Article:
(Photo: Justin Short, Governor’s Office)
A group that opposes a recent piece of California legislation mandating co-ed bathroom facilities for public schools has gathered over 620,000 signatures for a ballot initiative against the new law.
Privacy For All Students (PFAS), a grassroots organization founded in 2011, announced Sunday that they hit the 620,000 signature mark, which is well above the minimum needed for an initiative to get on the ballot.
Karen England, member of the PFAS coalition's executive committee, said in a statement that she believed the number might be the largest amount of signatories garnered for any California ballot initiative.
"As far as we are aware, this is the largest number of volunteer signatures ever submitted in a California referendum campaign," said England.
"It shows the degree of opposition that exists to opening the most vulnerable areas of public schools to the opposite sex."
The specific legislation that PFAS is working against is Assembly Bill 1266, which was introduced in February by Assemblyman Tom Ammiano (D-San Francisco).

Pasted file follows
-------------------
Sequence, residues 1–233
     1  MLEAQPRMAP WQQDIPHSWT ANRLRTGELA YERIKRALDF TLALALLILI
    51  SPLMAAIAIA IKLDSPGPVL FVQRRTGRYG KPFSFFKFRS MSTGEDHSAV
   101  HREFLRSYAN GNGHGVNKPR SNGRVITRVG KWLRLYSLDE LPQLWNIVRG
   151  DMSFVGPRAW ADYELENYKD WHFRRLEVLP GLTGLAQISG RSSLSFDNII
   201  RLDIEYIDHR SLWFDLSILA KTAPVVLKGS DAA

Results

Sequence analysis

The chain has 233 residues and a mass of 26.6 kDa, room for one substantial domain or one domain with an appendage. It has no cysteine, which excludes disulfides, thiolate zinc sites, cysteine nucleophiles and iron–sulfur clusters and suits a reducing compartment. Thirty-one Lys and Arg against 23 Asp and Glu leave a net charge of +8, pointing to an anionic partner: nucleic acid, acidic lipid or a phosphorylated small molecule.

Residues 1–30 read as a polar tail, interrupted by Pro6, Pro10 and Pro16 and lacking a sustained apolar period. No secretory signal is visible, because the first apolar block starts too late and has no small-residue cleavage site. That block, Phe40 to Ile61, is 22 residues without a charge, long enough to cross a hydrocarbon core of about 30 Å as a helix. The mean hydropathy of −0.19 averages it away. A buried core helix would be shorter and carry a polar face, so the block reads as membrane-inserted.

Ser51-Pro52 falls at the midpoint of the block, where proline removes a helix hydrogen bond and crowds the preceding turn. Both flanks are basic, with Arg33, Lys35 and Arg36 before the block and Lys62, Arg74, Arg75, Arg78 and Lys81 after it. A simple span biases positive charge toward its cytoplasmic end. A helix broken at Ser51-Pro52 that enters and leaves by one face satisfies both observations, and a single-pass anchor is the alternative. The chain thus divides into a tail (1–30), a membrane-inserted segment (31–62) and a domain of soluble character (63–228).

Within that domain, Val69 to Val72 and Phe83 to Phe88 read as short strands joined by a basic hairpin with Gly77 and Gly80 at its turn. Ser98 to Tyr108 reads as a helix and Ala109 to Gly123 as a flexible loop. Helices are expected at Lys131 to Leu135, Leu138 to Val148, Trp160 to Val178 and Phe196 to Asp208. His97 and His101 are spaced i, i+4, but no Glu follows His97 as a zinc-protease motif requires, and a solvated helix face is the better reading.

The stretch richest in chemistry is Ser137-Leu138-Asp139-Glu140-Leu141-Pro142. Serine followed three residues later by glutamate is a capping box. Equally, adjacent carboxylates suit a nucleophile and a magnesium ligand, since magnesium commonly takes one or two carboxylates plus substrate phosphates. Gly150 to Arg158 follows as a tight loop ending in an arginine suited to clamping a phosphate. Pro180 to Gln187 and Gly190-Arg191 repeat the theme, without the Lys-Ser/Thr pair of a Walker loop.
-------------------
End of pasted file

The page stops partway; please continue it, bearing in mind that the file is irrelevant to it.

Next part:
"A pupil shall be permitted to participate in sex-segregated school programs and activities, including athletic teams and competitions, and use facilities consistent with his or her gender identity, irrespective of the gender listed on the pupil's records," reads AB 1266 in part.
"Participation in a particular physical education activity or sport, if required of pupils of one sex, shall be available to pupils of each sex."
In April, AB 1266 passed the Assembly's Education Committee in a vote of 5 to 2. From there it went to the Assembly and was passed in May with a vote of 46 ayes, 25 nays, and 8 abstentions.
In June, AB 1266 successfully went through the Senate Committee on Education and was passed by the Senate with a vote of 21 ayes, 9 nays, and 8 abstentions.
AB 1266 was signed into law by California Governor Jerry Brown on August 12. Groups like the Transgender Law Center hailed it as a victory.
Masen Davis, executive director of the Transgender Law Center, said in a statement that the bill's passage into law made Davis "proud of this state and its leaders."
"I extend our deepest gratitude to the Governor, Assembly and Senate for the passage and signing of this bill," said Davis.
"Now, every transgender student in California will be able to get up in the morning knowing that when they go to school as their authentic self they will have the same fair chance at success as their classmates."